There was a very good reason for Georgia’s desperation to leave the open unit. She was being badly and systematically bullied by another of the girls in the unit, a girl from Fife known only as ‘AM’.
The first time she absconded, Georgia refused to return to Bishopton voluntarily. She jumped repeatedly in front of moving cars, and when the police arrived she ran into a garden making animal noises. She had to be handcuffed for the journey back.
The bullying continued. It was a daily occurrence. On one occasion, AM intimidated Georgia by hiding a pair of scissors in the waistband of her jeans, making it known to Georgia that they were there. Another time, when the girls were heading for the swimming pool, AM told Georgia that when they got there she was going to drown someone – there was no doubt who she had in mind. Georgia refused to go to the pool that day.
Georgia absconded many times. Just as a distressed Neve Lafferty once tried to break into the secure unit for her own protection, so independently did Georgia. She was again physically restrained and in a condition of extreme distress as she was returned to the open unit. She told staff that AM was planning to stab her in the face with a piece of glass.
Nothing was done to stop the bullying. Nothing was done to remove the bully.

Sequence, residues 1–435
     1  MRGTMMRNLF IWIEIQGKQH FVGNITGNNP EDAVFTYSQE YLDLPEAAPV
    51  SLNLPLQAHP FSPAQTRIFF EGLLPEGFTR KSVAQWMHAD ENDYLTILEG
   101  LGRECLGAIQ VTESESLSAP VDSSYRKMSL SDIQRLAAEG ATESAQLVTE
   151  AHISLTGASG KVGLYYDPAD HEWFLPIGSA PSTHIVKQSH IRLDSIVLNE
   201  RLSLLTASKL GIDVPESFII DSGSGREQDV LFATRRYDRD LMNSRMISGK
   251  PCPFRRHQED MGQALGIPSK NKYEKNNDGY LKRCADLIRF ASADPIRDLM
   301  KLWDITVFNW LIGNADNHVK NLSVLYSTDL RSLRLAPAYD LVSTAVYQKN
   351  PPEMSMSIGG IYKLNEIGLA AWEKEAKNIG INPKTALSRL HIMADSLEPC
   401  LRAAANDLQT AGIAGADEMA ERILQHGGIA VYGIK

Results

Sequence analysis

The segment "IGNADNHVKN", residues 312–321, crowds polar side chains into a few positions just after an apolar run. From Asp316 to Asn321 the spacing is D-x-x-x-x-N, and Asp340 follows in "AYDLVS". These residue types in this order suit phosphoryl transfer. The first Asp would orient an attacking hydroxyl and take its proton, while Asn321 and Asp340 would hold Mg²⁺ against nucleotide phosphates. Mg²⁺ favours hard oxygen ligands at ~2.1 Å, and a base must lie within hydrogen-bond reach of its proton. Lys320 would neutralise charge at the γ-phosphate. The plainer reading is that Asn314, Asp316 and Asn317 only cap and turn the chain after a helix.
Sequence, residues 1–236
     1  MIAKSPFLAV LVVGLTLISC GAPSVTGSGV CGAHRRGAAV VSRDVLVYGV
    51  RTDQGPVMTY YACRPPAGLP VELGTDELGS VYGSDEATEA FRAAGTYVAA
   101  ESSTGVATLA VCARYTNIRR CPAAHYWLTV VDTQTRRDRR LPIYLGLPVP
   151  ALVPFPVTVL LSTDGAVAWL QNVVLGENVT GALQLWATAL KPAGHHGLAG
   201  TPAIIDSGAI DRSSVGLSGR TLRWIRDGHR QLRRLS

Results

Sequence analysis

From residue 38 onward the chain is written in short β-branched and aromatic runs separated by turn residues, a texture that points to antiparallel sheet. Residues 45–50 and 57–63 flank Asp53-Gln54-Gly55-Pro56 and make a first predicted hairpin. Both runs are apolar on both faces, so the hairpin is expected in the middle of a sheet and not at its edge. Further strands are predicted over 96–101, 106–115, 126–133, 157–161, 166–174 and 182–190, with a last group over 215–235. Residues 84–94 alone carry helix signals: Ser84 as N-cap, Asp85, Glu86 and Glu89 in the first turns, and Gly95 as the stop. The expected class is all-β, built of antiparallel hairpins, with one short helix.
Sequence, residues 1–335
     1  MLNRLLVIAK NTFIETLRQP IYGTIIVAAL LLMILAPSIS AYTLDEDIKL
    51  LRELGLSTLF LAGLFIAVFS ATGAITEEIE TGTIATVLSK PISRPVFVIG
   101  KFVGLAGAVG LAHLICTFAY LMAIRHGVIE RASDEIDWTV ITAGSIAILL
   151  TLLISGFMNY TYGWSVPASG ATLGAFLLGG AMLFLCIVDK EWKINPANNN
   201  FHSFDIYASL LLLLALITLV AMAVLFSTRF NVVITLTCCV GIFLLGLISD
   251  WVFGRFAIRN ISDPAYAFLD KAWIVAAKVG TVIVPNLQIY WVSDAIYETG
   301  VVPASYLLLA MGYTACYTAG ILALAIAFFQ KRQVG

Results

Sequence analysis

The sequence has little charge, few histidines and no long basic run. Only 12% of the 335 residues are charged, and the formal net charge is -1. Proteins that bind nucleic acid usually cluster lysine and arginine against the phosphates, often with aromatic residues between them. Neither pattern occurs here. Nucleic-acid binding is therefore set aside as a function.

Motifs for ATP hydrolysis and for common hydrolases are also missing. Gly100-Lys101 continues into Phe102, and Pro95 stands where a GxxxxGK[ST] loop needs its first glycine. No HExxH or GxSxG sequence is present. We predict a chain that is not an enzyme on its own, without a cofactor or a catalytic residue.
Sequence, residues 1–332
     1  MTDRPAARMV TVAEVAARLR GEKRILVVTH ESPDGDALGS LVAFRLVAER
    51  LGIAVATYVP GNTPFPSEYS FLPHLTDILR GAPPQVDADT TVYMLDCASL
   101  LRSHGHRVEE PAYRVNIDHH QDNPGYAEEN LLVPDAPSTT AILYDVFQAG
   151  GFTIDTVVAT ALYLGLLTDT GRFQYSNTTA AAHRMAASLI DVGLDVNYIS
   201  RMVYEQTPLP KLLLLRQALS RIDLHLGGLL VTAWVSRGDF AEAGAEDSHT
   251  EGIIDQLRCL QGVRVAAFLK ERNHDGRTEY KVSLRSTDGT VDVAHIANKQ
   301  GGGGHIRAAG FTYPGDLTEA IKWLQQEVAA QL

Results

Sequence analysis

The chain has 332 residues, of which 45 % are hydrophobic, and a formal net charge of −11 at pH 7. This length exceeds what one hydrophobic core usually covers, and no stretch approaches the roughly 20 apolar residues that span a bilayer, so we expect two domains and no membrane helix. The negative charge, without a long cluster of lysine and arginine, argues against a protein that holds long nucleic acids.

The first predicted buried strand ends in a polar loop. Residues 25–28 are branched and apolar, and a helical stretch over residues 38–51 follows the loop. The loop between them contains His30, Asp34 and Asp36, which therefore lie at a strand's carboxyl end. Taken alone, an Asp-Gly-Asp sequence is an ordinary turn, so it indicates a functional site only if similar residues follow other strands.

When Sandy Cunningham, the man in charge of the unit, gave evidence at the inquiry into the deaths of Georgia Rowe and Neve Lafferty, Sheriff Ruth Anderson formed the impression that he was seeking to minimise the ‘extremely serious nature of the bullying in an establishment for which he had overall management responsibility’. Mr Cunningham is no longer employed at the Good Shepherd; he is listed in the court papers as an education officer with Glasgow City Council.
A day out
On 26 September 2009, eight days before she killed herself, Georgia responded to a further threat from AM – to put her head through a ******* window – by absconding. She met up with another girl – not Neve Lafferty – and they boarded a train at Bishopton for Glasgow.
The two girls hung about the city centre, where they were picked up by an older man who took them to a block of flats and plied them with alcohol and drugs. They spent the night with this man and had a conversation about committing suicide. Neither girl thought that she had anything to look forward to in this life.
The following morning they went to a police station and were returned to the Good Shepherd. In the car on the way to Bishopton, Georgia repeated that she did not want to go back to the open unit to be bullied by AM.